5. In view of the complicated problems involved in the use of protective duties and the importance of insuring that tariffs shall take into consideration the interests alike of the industry, the revenue and the consuming public, it seems desirable for the government of Palestine to establish a special Tariff Board which should be charged with the duty of laying down and applying definite principles of fiscal policy.

6. The existing railway tariffs in Palestine are not sufficiently flexible and neither favor the local manufacturers against the importer, nor encourage the export trade. It is suggested that the government of Palestine consider the feasibility of a general reduction in freight rates and in particular of the introduction of a special tariff on goods for export.

7. The corodination of transport facilities is assuming an increasing importance, especially in view of the harbor projects now in contemplation.

The establishment of a Transport Board by the Palestine government is, therefore, deemed to be an urgent necessity.

8. The development of home industries is of essential importance. Certain sections of the Jewish population, notably the Yemenites, are adapted to this occupation. Such industries would not only cater to the tourist traffic, but in view of the sentimental appeal of Palestine, is likely to open remunerative markets abroad. By these means a considerable number of Jewish workers in towns could find employment outside of factories.

9. A coordinated effort between the government of Palestine and the Jewish Agency should be initiated for the establishment of a bureau which would advise prospective immigrants as to the advisability of transferring their existing plants to Palestine or establishing new industries there.

On such a bureau should be represented

a. The government of Palestine.

b. The Jewish Agency.

c. Chambers of Commerce.

d. The Economic Board for Palestine.

e. Banks.

f. Palestine Manufacturers Association.

g. The Jewish Labor Federation.

10. It is highly desirable, as a source of revenue, to provide adequate hotel facilities for the ever-increasing number of tourists.


1.It is the function of the government to furnish a minimum of secular education to every child whose parents demand such instruction. Grants should be made by the government to such non-governmental schools as comply with the minimium requirements as shall be laid down officially. The grant should be based upon the proportion of children attending the schools.

2.The present system whereby a grant-in-aid is paid to the Jewish Agency for further distribution is satisfactory since its guarantees the maintenance of proper standards.

The Jewish Agency will doubtless desire to supplement the government grant.


1. A larger share of the responsibility than hitherto assumed in regard to public health should be borne by the government of Palestine.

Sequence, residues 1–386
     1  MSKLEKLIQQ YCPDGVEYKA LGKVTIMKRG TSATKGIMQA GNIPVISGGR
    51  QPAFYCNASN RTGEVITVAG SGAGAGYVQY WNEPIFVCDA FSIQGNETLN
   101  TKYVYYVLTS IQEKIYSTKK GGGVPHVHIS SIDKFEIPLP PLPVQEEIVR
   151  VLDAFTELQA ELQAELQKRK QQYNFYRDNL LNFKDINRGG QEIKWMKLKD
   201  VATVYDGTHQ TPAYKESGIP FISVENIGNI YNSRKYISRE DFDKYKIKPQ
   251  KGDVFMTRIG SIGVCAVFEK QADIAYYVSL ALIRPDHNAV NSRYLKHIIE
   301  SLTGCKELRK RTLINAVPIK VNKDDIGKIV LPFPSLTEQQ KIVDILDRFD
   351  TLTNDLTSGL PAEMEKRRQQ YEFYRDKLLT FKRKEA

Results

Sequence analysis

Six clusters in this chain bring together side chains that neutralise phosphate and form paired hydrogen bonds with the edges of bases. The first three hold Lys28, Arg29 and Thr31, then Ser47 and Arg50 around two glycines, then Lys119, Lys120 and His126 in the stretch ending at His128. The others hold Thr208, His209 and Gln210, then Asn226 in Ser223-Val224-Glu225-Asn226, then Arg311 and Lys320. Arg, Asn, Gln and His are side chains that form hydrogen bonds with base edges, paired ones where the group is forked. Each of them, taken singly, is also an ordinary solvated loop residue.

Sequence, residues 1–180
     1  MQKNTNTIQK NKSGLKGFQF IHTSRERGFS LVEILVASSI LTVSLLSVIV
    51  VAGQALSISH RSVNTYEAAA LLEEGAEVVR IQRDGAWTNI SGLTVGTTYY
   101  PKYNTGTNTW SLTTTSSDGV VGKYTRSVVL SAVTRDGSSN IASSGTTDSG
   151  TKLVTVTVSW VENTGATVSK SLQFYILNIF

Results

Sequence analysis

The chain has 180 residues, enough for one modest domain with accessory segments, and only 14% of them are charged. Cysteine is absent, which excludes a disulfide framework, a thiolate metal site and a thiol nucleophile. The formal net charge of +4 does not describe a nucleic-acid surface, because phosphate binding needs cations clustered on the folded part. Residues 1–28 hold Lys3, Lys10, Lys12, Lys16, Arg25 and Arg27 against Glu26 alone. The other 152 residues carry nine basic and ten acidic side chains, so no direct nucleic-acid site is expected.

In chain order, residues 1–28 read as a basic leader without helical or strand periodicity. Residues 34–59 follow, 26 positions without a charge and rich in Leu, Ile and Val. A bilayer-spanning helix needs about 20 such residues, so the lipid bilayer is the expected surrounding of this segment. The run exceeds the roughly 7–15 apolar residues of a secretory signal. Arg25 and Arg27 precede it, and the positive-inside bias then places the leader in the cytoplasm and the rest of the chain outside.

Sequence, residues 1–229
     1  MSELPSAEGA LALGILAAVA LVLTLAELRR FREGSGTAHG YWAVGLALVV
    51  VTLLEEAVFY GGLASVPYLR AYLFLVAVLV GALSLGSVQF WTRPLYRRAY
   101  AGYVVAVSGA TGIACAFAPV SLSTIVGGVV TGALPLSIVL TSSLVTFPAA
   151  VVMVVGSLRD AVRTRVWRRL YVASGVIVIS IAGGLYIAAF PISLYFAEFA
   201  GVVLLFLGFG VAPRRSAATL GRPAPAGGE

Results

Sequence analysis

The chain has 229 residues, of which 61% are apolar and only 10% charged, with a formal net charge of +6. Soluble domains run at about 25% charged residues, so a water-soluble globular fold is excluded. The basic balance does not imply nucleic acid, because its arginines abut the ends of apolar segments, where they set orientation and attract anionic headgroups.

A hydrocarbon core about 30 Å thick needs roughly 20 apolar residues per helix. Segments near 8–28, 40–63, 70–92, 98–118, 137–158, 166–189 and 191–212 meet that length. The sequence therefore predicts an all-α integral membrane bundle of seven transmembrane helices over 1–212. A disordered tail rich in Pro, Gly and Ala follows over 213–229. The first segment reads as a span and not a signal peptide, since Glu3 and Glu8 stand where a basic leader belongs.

Such functions as vaccination, suppression of epidemics, control of contagious diseases, drainage and improvements in quarantine service constitute the direct duties of the government.

2. It is desirable that grants-in-aid be extended to private hospitals upon the basis of the number of days of free treatment provided in them.

The Jewish Agency will doubtless desire to supplement these subventions to maintain the standards regarded by them as essential.

3. The medical and health work conducted under Jewish auspices should be coordinated and consolidated.

It is probable that the Hadassah is the logical organization to undertake this coordination.

4. The Kupath Cholim, Sick Fund of the Workmen’s Labor Federation, should limit its activities to the task which it has primarily set for itself, namely, workmen’s insurance sick benefits and care of convalescents, turning over to the health department of the Jewish Agency, its other medical and health activities.

It is proper that the reorganized Kupath Cholim be maintained since it has been instrumental in teaching sound principles of self-help and self-government.

5. Every effort should be made to coordinate the activities of private hospitals in Palestine, to maintain an harmoniously working system.

This may involve the formation of a Central Hospital Board and the consolidation of a number of institutions.


1. The Jewish Agency Commission sympathizes with the aspirations of the workers to improve their social and economic condition and welcomes their realization.

2. Whilst fully appreciating the achievements of the organizations representative of the workers in the direction of agriculture, immigration, health services and cultural activities, it is believed that the acceptance of the principle that industry and agriculture must be established upon an economic basis including an equitable return on capital invested, is necessary, preliminary to the progressive increase in the standard of living which it is desired to establish.

3. The Jewish community should establish conciliation machinery to eliminate losses incurred by disputes in industry and agriculture.

Such conciliation machinery could be best established by the creation of a Council consisting on one side of representatives of employers in industry and agriculture and, on the other side, of representatives of organizations of workers in equal numbers.

All matters in industry or agriculture tending to lead to labor disputes should be referred to this Council on the application of either side in the dispute. The Council should make every endeavor to effect a settlement by conciliation, provided that in its opinion matters at issue are sufficiently important to merit their consideration.